• Chapter 3: Secret of Laozi for 2,500 years
  • Chapter 4: An existent paradise
  • Chapter 5: The truth of the deciphered Tao
  • Chapter 6: The sexual universe
  • Chapter 7: Sexuality and human society
  • Chapter 8: The sexual dimension that decides all courses
  • Chapter 9: Sexual energy and sacred sex
  • Chapter 10: Dancing toward the Tao
  • Chapter 11: Filled with love (the great Tao)
  • Chapter 12: The Code of Laozi which was unsealed
  • Chapter 13: Time to say goodbye
  • Selections from the book of “Laozi”
  • 1. The ultimate Tao
  • 2. Guide of all
  • 3. Union of Heaven and Earth
  • 4. Sexuality without any form
  • 5. From Ecstasy to the Union
  • Photos
  • Translator’s Note

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Creativity: Patterns of Creative Imagination as Seen Through Art explores the fullness and variety of creativity

Part of the Zurich Lecture Series and previously published by Spring Journal, Creativity: Patterns of Creative Imagination as Seen Through Art looks at where where creativity comes from. Is it inspired from above? Welling up from below? Picked up from the air?

This book does not claim to reveal this secret. It does not attempt to reduce creativity to a “nothing but,” for example to explain it as a special ability of certain creative individuals with special abilities. On the contrary, it is about exploring the fullness and variety of this amazing power, which is the basis of all cultural, artistic, scientific and spiritual activity of man, without attributing it to a simple cause.

The creative imagination is unlimited in its richness of design. At the same time, however, there is a canon of basic forms of creative experience and creative ideas. In other words, creative design is infinitely complex in its respective contents and at the same time follows a limited formal grammar.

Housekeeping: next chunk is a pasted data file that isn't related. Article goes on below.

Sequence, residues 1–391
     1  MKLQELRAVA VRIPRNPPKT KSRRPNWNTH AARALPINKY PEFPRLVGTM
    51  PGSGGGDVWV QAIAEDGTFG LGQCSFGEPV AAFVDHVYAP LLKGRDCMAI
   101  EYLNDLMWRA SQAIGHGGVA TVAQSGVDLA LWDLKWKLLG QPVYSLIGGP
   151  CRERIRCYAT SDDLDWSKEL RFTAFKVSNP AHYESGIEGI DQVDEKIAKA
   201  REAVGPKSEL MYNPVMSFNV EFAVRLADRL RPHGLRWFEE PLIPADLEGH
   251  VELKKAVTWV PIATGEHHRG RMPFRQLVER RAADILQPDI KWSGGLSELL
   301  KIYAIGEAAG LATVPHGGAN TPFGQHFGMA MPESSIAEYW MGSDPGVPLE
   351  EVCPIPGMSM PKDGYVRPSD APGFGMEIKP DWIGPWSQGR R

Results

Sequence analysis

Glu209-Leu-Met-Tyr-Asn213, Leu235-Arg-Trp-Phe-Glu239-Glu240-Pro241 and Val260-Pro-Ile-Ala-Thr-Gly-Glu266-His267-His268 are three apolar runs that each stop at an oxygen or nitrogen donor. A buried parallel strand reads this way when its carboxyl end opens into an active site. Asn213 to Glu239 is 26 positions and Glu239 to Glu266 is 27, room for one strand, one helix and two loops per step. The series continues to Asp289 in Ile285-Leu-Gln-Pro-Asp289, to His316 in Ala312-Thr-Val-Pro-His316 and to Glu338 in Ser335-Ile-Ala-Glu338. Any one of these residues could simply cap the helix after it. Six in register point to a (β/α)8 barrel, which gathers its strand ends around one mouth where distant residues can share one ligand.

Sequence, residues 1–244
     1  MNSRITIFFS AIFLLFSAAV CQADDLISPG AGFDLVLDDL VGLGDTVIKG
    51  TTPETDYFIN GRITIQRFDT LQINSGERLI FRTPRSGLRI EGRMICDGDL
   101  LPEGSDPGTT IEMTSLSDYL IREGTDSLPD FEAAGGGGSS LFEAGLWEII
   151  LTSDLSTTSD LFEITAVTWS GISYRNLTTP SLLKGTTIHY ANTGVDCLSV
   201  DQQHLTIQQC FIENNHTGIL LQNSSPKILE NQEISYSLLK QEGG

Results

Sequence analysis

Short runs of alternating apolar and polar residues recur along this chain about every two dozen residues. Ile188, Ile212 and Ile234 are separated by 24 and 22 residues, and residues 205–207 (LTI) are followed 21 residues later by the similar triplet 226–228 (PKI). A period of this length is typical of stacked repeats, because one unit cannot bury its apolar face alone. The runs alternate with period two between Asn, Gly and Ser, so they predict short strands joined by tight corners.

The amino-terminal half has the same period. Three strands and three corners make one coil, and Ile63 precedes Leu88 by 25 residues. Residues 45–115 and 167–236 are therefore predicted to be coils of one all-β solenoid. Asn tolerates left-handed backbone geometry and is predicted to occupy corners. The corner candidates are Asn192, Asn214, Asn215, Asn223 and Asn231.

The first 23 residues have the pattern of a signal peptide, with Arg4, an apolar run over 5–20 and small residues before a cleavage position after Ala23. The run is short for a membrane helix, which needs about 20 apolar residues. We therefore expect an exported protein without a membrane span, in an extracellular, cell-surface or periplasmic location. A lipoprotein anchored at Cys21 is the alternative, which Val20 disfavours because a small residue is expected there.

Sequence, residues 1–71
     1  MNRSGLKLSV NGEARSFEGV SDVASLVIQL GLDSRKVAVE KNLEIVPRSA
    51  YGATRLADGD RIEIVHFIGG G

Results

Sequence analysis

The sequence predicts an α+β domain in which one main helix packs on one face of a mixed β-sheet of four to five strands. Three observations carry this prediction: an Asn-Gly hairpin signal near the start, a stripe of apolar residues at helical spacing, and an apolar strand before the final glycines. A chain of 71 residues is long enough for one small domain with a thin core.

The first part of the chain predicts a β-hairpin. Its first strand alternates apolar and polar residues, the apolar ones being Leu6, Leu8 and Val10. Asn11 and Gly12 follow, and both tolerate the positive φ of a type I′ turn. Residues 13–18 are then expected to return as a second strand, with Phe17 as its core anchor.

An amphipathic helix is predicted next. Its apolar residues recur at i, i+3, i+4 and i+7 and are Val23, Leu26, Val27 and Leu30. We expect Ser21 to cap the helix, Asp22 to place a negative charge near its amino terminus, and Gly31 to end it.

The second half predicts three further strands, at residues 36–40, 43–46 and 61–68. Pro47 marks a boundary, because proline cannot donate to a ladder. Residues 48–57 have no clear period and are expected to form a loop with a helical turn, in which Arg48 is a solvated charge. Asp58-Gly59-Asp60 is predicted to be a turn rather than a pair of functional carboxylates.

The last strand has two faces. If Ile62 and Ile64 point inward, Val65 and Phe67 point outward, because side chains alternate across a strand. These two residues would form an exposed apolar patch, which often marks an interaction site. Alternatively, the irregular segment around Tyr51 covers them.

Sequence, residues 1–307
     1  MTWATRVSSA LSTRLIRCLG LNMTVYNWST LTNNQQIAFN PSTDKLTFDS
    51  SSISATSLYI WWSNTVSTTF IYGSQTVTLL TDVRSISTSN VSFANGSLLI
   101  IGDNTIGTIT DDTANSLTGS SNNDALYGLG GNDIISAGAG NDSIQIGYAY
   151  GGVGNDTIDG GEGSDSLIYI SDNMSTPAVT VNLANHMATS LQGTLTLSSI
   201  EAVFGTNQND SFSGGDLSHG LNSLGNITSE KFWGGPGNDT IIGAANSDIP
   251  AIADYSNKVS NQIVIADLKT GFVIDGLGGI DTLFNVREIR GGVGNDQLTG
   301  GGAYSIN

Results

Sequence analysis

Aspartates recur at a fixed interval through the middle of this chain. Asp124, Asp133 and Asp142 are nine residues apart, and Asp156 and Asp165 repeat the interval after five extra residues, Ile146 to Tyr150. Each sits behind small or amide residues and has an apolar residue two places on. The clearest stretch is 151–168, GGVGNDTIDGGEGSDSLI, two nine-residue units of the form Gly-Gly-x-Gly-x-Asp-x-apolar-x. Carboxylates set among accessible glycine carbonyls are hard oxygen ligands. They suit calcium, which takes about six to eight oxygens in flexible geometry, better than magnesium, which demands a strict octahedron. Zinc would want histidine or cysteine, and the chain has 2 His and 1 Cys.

To work out the basic forms of this grammar of creativity, this book examines 25 selected works by artists in detail. The guiding idea here is that artists often consciously or unconsciously address the riddle of their creative drive in their works, especially in their self-portraits. Artists are empiricists and experts in the creative process. All their work is shaped by the experience of being stimulated and guided by creative imagination.

Their depiction of this enigmatic creative factor, from which their self-understanding and their creative perspective are derived, thus allows us to sketch, as it were, a general phenomenology of creative expression. In other words, the works of painters show in a both vivid and empirically evidenced way how creativity is basically experienced and in which forms it is expressed and realized.